Q1. Define Gift/Hiba. What are the three essentials of a Gift?
Q2. Who can give a gift?
Q3. What are the kinds of Gifts?
Q4. State the circumstances in which delivery of possession of the immovable property is not required in making a gift.
Q5. What gifts are void?
Q6. What is Mushaa? Explain with illustration.
Q7. What is the difference between Hiba Bil Iwaz and Hiba Ba Shart ul Iwaz?
Gift is a generic term that includes all transfers of property without consideration. In India, Gift is considered equivalent to Hiba but technically, Gift has a much wider scope than Hiba. The word Hiba literally means, the donation of a thing from which the donee may derive a benefit. It must be immediate and complete. The most essential element of Hiba is the declaration, “I have given”.
As per Hedaya, Hiba is defined technically as, the “unconditional transfer of property, made immediately and without any exchange or consideration, by one person to another and accepted by or on behalf of the latter”.
According to Fyzee, Hiba is the immediate and unqualified transfer of the corpus of the property without any return.
The gift of the corpus of a thing is called Hiba and the gift of only the usufructs of a property is called Ariya.
Essential Elements of a Gift
Since muslim law views the law of Gift as a part of law of contract, there must be an offer (izab), an acceptance (qabul), and transfer (qabza). In Smt Hussenabi vs Husensab Hasan AIR 1989 Kar, a grandfather made an offer of gift to his grandchildren. He also accepted the offer on behalf of minor grandchildren. However, no express of implied acceptance was made by a major grandson. Karnataka HC held that since the three elements of the gift were not present in the case of the major grandchild, the gift was not valid. It was valid in regards to the minor grandchildren.
Thus, the following are the essentials of a valid gift –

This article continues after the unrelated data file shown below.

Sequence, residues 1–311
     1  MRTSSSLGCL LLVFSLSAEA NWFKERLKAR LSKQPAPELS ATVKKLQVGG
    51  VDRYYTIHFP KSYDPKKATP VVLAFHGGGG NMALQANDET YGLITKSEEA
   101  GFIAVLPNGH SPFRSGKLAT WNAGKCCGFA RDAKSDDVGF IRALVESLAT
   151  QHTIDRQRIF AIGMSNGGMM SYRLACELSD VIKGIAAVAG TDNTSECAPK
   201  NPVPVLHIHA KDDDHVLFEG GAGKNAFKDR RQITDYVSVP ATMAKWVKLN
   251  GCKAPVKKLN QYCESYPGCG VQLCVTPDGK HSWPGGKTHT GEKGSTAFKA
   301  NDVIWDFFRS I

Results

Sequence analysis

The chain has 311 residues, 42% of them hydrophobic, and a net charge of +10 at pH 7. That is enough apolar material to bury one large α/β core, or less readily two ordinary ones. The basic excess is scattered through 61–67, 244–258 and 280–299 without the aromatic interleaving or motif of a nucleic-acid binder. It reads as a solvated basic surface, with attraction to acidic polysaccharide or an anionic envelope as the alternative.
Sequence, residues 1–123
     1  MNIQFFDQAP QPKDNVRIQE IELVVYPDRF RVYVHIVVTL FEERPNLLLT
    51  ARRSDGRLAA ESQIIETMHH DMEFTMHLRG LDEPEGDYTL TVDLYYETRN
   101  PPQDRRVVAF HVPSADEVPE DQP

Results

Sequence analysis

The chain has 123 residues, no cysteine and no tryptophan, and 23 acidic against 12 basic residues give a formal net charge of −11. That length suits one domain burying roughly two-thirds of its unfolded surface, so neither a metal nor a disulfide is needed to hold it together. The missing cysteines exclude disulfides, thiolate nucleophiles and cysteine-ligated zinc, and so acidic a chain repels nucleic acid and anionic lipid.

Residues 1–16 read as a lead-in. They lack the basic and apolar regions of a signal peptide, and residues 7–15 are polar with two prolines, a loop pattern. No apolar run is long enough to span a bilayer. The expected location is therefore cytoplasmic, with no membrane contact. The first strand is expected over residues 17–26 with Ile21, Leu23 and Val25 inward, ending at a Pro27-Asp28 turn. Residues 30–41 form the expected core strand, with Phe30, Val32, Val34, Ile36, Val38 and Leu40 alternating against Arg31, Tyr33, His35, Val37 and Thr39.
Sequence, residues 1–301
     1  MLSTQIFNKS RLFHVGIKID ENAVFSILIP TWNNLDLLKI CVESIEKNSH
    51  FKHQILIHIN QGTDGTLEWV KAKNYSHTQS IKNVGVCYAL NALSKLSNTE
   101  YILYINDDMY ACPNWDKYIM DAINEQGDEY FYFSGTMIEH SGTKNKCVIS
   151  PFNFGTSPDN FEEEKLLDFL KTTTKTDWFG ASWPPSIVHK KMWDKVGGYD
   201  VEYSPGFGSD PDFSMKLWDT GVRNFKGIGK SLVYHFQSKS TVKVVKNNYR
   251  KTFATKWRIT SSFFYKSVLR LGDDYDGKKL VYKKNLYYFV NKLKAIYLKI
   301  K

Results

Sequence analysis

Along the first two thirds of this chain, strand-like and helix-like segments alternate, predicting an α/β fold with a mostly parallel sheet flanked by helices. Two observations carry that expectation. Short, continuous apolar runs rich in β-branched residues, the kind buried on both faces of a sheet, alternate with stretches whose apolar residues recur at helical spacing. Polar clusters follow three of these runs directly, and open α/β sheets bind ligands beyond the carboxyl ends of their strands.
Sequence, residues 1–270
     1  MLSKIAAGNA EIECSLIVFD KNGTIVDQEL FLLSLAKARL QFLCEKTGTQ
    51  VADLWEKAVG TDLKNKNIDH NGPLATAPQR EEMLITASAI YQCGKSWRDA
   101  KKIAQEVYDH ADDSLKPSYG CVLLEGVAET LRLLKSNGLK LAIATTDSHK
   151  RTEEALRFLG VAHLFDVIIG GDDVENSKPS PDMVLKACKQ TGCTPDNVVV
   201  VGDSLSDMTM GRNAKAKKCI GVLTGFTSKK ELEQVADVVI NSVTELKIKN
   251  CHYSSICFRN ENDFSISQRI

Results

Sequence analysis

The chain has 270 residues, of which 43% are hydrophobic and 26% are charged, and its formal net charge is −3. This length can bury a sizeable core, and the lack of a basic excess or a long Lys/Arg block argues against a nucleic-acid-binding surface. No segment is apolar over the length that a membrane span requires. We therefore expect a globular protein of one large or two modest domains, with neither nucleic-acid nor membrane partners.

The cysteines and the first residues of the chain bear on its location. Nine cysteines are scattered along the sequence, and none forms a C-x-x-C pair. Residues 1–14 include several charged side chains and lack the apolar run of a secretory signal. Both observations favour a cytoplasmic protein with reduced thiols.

- A declaration by the donor – There must be a clear and unambiguous intention of the donor to make a gift.
- Acceptance by the donee – A gift is void if the donee has not given his acceptance. Legal guardian may accept on behalf of a minor.
- Delivery of possession by the donor and taking of the possession by the donee. In Muslim law the term possession means only such possession as the nature of the subject is capable of. Thus, the real test of the delivery of possession is to see who – whether the donor or the donee – reaps the benefits of the property. If the donor is reaping the benefit then the delivery is not done and the gift is invalid.
The following are the conditions which must be satisfied for a valid gift.
1. Parties – There must be two parties to a gift transaction – the donor and the donee.
Conditions for Donor – (Who can give)
- Must have attained the age of majority – Governed by Indian Majority Act 1875.
- Must be of sound mind and have understanding of the transaction.
- Must be free of any fraudulent or coercive advice as well as undue influence.
- Must have ownership over the property to be transfered by way of gift.
A gift by a married woman is valid and is subjected to same legal rules and consequences. A gift by a pardanashin woman is also valid but in case of a dispute the burden of proof that the transaction was not conducted by coercion or undue influence is on the donee.
Gift by a person in insolvent circumstances is valid provided that it is bona fide and not merely intended to defraud the creditors.
Conditions for Donee (who can receive)
- Any person capable of holding property, which includes a juristic person, may be the donee of a gift. A muslim may also make a lawful gift to a non-muslim.